KUALA LUMPUR – The projected repatriation of funds back to the US due to president Donald Trump’s tax overhaul is not likely to affect the ringgit on the back of other favourable factors supporting the currency, economists said.
Sunway Business School Professor, Dr. Yeah Kim Leng said that among the factors that are expected to keep the ringgit strong are Malaysia’s strong gross domestic product (GDP) growth, firming current account surplus, lower inflation, and moderately strong oil price anticipated in 2018 that would be supportive of the ringgit’s underlying strength.
“Despite being among the best performing emerging currencies in 2017, the ringgit remains undervalued and this also provides some buffer against its depreciation “A key headwind against a strong US dollar surge is its current account deficit which would worsen and undermine the dollar strength,” Yeah told Malay Mail.
In addition, the Sunway Business School professor explained that while the weaker ringgit against the US dollar will result in higher imported inflation, the effects are likely to be moderated by the ringgit maintaining its strength against the currencies of its other key trading partners that include China, Japan, Europe and other Asian countries.
Yeah said that only imports from the US will be affected if the ringgit is able to maintain parity with other currencies. Given that imports from the US are not large, the inflationary pressures arising from the ringgit depreciation likewise will not be sizeable.
Commenting if there would be a massive outflow of funds and its impact on the balance of payment (BoP), he said: “Any strain on the BoP due to short-term capital outflows will be temporary and limited due to the depth of the financial markets, projected current account surpluses and declining fiscal deficit as well as the country’s adequate level of foreign reserves and low external debt.
“The interest rate hikes in the US are already built into market expectations although it is noticed that the US yield curve is facing an inversion which some analysts interpret as signalling a recession in one to two years’ time.”
Yeah opined that the huge funds that are likely to take advantage of the US tax changes are largely based in the developed markets.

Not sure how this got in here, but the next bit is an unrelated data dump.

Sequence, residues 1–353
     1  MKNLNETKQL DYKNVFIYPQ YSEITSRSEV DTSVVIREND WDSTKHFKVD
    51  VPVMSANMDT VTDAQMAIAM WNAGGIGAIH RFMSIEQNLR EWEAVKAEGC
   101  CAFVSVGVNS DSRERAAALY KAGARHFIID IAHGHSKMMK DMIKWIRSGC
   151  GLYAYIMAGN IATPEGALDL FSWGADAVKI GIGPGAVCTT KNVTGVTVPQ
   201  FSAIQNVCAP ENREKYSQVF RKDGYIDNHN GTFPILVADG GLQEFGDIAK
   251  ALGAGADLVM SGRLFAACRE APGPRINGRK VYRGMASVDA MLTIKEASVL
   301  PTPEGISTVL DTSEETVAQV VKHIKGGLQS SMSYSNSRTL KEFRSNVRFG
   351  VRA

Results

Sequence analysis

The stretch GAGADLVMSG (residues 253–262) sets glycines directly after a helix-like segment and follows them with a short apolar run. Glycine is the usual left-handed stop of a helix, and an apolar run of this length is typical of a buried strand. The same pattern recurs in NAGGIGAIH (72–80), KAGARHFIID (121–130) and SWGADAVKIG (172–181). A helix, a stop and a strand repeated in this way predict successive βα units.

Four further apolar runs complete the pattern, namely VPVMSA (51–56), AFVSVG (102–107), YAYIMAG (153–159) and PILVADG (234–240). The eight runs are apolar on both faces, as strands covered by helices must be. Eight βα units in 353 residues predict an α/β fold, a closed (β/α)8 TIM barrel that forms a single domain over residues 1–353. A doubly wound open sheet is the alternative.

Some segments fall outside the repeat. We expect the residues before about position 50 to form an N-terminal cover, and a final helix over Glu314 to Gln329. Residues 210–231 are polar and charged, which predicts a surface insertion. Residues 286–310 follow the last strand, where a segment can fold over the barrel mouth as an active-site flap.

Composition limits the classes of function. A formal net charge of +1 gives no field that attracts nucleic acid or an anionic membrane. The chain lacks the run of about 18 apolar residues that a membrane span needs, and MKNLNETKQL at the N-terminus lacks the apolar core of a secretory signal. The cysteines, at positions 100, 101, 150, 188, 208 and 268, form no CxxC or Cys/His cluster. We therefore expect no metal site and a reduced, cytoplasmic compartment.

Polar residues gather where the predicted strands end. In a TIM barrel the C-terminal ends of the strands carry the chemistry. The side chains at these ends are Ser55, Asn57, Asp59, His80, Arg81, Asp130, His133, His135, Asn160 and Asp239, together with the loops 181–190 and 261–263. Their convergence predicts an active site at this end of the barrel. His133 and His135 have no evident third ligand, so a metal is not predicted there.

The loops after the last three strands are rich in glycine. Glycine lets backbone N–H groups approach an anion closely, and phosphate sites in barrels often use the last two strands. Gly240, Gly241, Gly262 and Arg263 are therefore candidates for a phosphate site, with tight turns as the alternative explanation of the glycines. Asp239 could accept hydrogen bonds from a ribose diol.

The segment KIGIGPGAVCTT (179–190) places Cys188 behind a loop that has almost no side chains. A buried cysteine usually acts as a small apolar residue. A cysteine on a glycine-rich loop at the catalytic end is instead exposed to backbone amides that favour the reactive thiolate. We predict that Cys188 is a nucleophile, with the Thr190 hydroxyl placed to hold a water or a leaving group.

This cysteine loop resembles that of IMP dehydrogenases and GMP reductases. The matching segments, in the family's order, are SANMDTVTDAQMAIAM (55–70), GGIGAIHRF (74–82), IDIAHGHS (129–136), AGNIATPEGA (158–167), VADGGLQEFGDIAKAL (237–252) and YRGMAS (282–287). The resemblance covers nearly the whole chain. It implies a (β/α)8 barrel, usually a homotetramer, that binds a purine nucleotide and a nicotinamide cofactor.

“The impact on emerging countries including Malaysia is not expected to be large since the foreign funds invested in this region are motivated by risk diversification and exposure to emerging markets risk and opportunities.
“A strong US dollar will favour Malaysian exporters who will find their products more cost-competitive in the US markets,” added Yeah.
Malaysian Institute of Economic Research (MIER) senior research fellow Dr. Zulkiply Omar said that while there will be some downward pressure on the ringgit, stemming from the net outflow of short-term capital, the ringgit will not depreciate that badly because there are other factors that will influence the value of ringgit, especially trade growth. “Global trade is expected to grow healthily next year,” he said.
In addition, Zulkiply explained that tax incentives alone may not be sufficient to encourage US corporations to repatriate their earnings.
“They are still cautious on reinvesting in the US economy as the downside risk factors on economic growth are luring. As a result, the US corporate tax cut will limit the US fiscal space and this will dampen growth.
“However, a stronger dollar will also hurt US exports. Additionally, the uncertainty of Trump policy is still in the spectrum that will weigh down the US economy.
“Meanwhile, a better prospect for the euro area will also cause a diversion in investment and the euro area is expected to normalize its monetary policy,” he said.
Zulkiply also said that the US monetary normalisation policy is expected to have minimal impact on the greenback at least for two reasons.
“Firstly, US economy will be moderating due to a contraction in the monetary policy as the upward pressure on the dollar will also hurt US exports. Consequently, the job market will be on the downward pressure.
“Secondly, policy normalisation in other major economies, particularly the euro area, will somewhat disperse capital movement away from the US,” added Zulkiply.
A report by the Wall Street Journal stated that the tax overhaul could jolt the dollar as corporations could repatriate as much as US$400 billion (RM1.6 trillion) in earnings and cash from abroad.
However, the IQI Global chief economist Shan Saeed told Malay Mail that he disagrees with the amount reported in the Wall Street Journal, saying that corporations are holding US$2.3 trillion in cash abroad and are still trying to fathom the tax cut plan.
“According to the strategic market intelligence report, I don’t see a massive inflow of funds to the US economy in the near future and it is expected that we will not foresee major impact to the Ringgit in the short term of first-quarter (Q1) to Q2 in 2018,” Saeed said.
He opined that the US dollar will depreciate by three to five per cent in the coming months against major global currencies and did not expect any balance of payment issue coming up in the foreseeable future as Malaysian economy is on the upsurge with the average of GDP of over 5.8 per cent.
“Our economic confidence is all times high with strong balance sheet of the government both in political and economic stability. In addition, infrastructure investment is coming to fruition with strong correlation with GDP growth as well as the solid export numbers with growth momentum,” stated the IQI Global chief economist.
Saeed forecasts stable ringgit appreciating nine per cent year-to-date against US dollar, where ringgit will be trading between 3.75 and 4.25 versus the dollar in 2018.
He also said that the higher oil price which is expected to remain between US$60 to US$87 per barrel in 2018 will boost the fiscal side of the government’s balance sheet.
– Malay Mail